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Review: 'The Book Thief,' Starring Geoffrey Rush, a Well-Meaning but Oddly Muted Holocaust Tale

Thompson on Hollywood By Meredith Brody | Thompson on Hollywood November 8, 2013 at 12:59PM

"The Book Thief," adapted from Markus Zusak's best-selling novel, is a well-meaning re-telling of the oft-told tale: the Holocaust was a time of unimaginable horror, but even during the worst moments of man's inhumanity to man, there were good people around who adopted the children of Communists and sheltered Jews in their basements.
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'The Book Thief'
'The Book Thief'

"The Book Thief," adapted from Markus Zusak's best-selling novel, is a well-meaning re-telling of the oft-told tale: the Holocaust was a time of unimaginable horror, but even during the worst moments of man's inhumanity to man, there were good people around who adopted the children of Communists and sheltered Jews in their basements.

Anyway, that's what kindly Hans Hubermann (Geoffrey Rush) and his cranky-but-with-an-eventually-revealed-heart-of-gold wife Rosa (Emily Watson) do. Their ward, Liesel (Sophie Nélisse) arrives at their home illiterate, and Hans not only teaches her to read, but turns their basement walls into blackboards covered with words from their studies.  The basement eventually also houses sickly Max Vandenburg (Pierre Clementi lookalike Ben Schnetzer), the son of a man who saved Hans' life during the first World War. Liesel crushes on the dark beauty (who wouldn't?), while a classically Aryan-looking classmate, blond Rudy, (Nico Liersch) pursues her relentlessly, in obsessive puppy love.

Despite the constant presence of death, literally and figuratively (the film is narrated by a plummy, English-accented, rueful yet implacable death, voiced by Roger Allam), the dangers of the time seem oddly muted. Regular opportunities for frissons appear: will the Nazis discover Vandenburg's hiding place while checking the basements of the town's houses?  Will the school bully (Levin Liam) also learn the secret?  Will the town's implacable Burgermeister trap Liesl in his library where she regularly steals -- well, borrows -- books to read to Max when he's lying near death? Will Hans, conscripted in middle age, return from the war? Will the bombs regularly being dropped on the town by English and American pilots find their targets?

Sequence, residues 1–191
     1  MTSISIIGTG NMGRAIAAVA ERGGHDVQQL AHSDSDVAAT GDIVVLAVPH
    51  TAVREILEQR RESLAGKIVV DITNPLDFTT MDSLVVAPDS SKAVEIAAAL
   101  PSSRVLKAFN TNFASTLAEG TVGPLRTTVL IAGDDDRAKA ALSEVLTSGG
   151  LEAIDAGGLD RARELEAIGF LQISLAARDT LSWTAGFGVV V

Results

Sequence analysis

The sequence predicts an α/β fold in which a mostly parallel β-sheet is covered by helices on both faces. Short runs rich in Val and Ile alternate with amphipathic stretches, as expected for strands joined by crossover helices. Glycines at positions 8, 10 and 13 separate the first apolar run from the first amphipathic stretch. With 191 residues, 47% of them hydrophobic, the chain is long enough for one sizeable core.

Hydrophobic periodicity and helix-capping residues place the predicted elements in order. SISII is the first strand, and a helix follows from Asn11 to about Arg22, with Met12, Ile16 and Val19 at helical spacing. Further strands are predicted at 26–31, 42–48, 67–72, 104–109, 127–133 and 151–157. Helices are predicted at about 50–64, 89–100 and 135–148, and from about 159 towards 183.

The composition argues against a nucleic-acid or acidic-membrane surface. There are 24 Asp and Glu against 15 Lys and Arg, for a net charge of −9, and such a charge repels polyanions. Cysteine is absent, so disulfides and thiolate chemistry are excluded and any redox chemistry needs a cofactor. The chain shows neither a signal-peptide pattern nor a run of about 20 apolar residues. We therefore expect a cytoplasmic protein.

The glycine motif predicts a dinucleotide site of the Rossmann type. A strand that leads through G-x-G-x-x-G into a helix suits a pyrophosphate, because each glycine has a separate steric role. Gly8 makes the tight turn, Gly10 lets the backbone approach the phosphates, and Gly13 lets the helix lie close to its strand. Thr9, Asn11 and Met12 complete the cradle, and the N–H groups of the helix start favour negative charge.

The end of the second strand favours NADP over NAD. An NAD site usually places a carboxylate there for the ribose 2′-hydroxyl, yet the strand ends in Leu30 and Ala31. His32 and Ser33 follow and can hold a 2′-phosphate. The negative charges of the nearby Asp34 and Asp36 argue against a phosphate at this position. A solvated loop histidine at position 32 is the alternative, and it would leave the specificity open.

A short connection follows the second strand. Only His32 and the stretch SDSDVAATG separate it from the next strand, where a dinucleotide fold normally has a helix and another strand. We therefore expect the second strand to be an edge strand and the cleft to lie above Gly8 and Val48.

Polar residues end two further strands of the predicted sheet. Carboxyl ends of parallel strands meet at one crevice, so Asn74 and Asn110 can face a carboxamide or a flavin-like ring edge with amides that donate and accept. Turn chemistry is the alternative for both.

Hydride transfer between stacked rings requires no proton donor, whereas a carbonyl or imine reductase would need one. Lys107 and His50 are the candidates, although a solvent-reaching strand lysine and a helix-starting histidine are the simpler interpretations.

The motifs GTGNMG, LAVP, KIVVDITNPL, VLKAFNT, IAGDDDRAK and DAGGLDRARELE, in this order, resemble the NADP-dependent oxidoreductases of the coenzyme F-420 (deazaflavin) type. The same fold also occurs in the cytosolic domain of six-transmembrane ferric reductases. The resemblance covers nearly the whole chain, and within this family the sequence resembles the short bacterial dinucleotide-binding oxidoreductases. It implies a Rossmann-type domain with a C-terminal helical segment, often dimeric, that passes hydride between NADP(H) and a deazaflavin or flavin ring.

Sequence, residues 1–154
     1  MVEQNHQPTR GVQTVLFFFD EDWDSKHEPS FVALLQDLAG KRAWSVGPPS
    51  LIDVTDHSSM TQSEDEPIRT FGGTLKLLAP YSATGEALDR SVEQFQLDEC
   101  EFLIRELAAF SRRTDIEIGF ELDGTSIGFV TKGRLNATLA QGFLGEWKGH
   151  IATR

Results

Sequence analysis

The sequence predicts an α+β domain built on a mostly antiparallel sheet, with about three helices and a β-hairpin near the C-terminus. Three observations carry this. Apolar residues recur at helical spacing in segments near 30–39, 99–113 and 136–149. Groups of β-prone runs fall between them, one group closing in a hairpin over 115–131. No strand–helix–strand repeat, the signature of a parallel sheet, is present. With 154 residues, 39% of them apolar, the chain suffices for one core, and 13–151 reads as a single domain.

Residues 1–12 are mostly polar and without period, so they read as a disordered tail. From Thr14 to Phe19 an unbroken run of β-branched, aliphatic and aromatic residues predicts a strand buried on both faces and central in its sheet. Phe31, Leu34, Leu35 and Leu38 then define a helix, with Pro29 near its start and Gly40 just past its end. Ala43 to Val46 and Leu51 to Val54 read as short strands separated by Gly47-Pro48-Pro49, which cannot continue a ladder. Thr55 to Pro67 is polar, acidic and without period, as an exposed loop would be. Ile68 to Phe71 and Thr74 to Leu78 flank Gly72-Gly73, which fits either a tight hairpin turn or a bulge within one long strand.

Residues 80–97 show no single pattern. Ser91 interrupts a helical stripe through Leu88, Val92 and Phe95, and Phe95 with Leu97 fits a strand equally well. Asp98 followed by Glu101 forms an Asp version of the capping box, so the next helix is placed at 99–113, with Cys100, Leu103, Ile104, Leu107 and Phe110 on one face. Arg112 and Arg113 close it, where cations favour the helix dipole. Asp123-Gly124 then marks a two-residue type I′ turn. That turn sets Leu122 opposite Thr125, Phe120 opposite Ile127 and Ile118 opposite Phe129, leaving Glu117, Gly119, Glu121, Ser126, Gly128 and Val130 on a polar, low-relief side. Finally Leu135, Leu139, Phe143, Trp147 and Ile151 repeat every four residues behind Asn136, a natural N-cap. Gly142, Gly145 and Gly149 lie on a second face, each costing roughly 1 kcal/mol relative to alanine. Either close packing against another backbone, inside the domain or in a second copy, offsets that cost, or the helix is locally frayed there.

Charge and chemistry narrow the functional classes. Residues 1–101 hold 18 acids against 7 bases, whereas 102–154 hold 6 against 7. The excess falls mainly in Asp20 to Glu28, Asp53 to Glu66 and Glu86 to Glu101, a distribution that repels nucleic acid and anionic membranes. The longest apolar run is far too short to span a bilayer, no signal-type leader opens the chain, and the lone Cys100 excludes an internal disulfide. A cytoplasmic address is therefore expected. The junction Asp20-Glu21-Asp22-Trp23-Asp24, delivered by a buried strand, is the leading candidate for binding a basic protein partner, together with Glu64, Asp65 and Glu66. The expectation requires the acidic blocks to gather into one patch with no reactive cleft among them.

Terrible things happen, and yet something about the film seems oddly muted. It's well-acted, well-directed by Brian Percival, Emmy and multiple BAFTA winner for "Downton Abbey," sincere in its purpose, and, as Variety used to say, all tech credits are pro. Florian Ballhaus' cinematography is warm and caressing. The Hubermann's home is cozy and gemutlich and, even though they complain of privations, there's always a slice of cake set out on nicely-patterned crockery and a cup of tea.  The Burgermeister's magical library is a masterpiece of distracting art nouveau set design. Best special effect: aging Sophie Melisse, several times, by not much more than changing her hair style. 

It was a surprise to see John Williams' name in the after-credits, having thought he was on permanent retainer to one S. Spielberg. At the premiere screening at the Mill Valley Film Festival, we were told that a week's mixing remained to be done on the movie, but these ears detected no problems.

"The Book Thief" is like a gateway Holocaust movie: preparation for stronger meat, like "Schindler's List" or "The Pianist."  Liesel Menninger is something of an Anne Frank who lives and publishes her own best-selling novels. Experiencing -- and surviving -- the Holocaust could be seen, in the most cynical of terms, as a good career move.

"The Book Thief" hits theaters November 8. Review excerpt from Variety is below:

This article is related to: Books, Reviews, Reviews, Festivals, The Book Thief


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